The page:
Every Scillies is known for different themes, but I hadn’t appreciated how different the races would be within the regatta. I should know that, being a sailor, but the contrast between the first and second races were epic. The wind had swung around, a bit, and freshened, as forecast. As we were rowing out to the start, Lynn had said that she wasn’t sure that we had it in us to cope with the forecast conditions for that afternoon, but our performance in the morning had given her confidence – and that in us. The second race, however, was a real test for us. The second race runs from Nut Rock, off Tresco, to St Mary’s harbour, with a lively sea running, and a significant headwind. By significant, I mean a Force6, fully in Beaufort’s strong wind category, running at 26kts. The row out to the start was a test of endurance in itself. We could have flown down, but the preparation is all about pace, and rest. Each time we had an easy, we were rolled side-on to the running sea, rocking us sideways. Our No.3 felt queasy, our No.4’s fear of the sea raised its head, so we kept moving. Flying downwind, and then turning to beat our oars and make progress against the headwind. Lynn marking it so that she knew we could row against the conditions. We could. We were going to race. Unfortunately a couple of gigs on the start line couldn’t. In the run of the heats, the slowest go first, and the ladies in Group K were finding it too much, so two, we think, were towed off. This meant that the safety boats were being used to rescue, with no cover for the races. The start of the races were probably delayed by 30 minutes, maybe more. So we were constantly moving, 130-ish crews, trying to stay out of each other’s way. Lining up was horrendous, with unsympathetic officers on the start-line. Doubtlessly stressed, and fed-up of being on the washing machine of the start. They had six more heats to do after ours.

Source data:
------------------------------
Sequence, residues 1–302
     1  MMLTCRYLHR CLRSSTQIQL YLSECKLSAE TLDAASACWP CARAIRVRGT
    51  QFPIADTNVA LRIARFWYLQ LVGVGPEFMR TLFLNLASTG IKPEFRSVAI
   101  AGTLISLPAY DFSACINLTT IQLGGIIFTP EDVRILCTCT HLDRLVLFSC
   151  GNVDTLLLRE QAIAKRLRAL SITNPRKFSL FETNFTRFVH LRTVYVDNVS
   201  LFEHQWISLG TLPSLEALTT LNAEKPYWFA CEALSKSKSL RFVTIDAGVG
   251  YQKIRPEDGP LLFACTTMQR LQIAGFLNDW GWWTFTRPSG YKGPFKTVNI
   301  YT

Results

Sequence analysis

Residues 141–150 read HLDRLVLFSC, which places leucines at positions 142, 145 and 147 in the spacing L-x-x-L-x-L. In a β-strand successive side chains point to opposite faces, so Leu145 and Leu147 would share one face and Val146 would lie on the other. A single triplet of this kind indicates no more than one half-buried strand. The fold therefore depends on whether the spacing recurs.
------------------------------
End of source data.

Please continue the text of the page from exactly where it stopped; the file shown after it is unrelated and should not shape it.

This race was gruelling. A slog into the wind, but our No.3 and No.4 were in trouble. Bex, in three, screamed in pain during the race. She’d put her hip out, and therefore couldn’t pull any weight. The sea conditions had worked their way into our No.4, sapping her of her confidence and therefore her technique. She later said that she was terrified of losing her oar, of it being swallowed by the sea. Once fear sets in, it is hard to rationalise it away. We didn’t really race that race, just marking technique, but we held our group, coming in 10th. We had done enough, but we were all deflated, with one in pain, and one struggling to manage her anxieties.
The weather was forecast to close in on the Saturday night, with rain and strong winds forecast. With the high spring tides, we weren’t sure whether we would need to get Pinnacle back on her trailer, but thankfully, the shared consensus was that the gigs could be left on the beach. I’m not sure I would have had the strength to heave and haul at boat moving. A hot bath and a decent meal was all that I was after. Four of us had supper that night, at the Star Castle, all of us swaying at the table. Faces a-glow from the sun and wind. I can’t tell you what we ate, as I had a slight trance-like feeling. Partly from a body still trying to adjust to a dinner table, but also dazed from the day. Bruised from the second race, and still giddy from the first. Sleep didn’t come easily, and I could hear the rain beating on the window, the wind whistling in the trees. I was a couple of hundred metres from the campsite, feeling grateful that camping wasn’t part of my Scillies experience.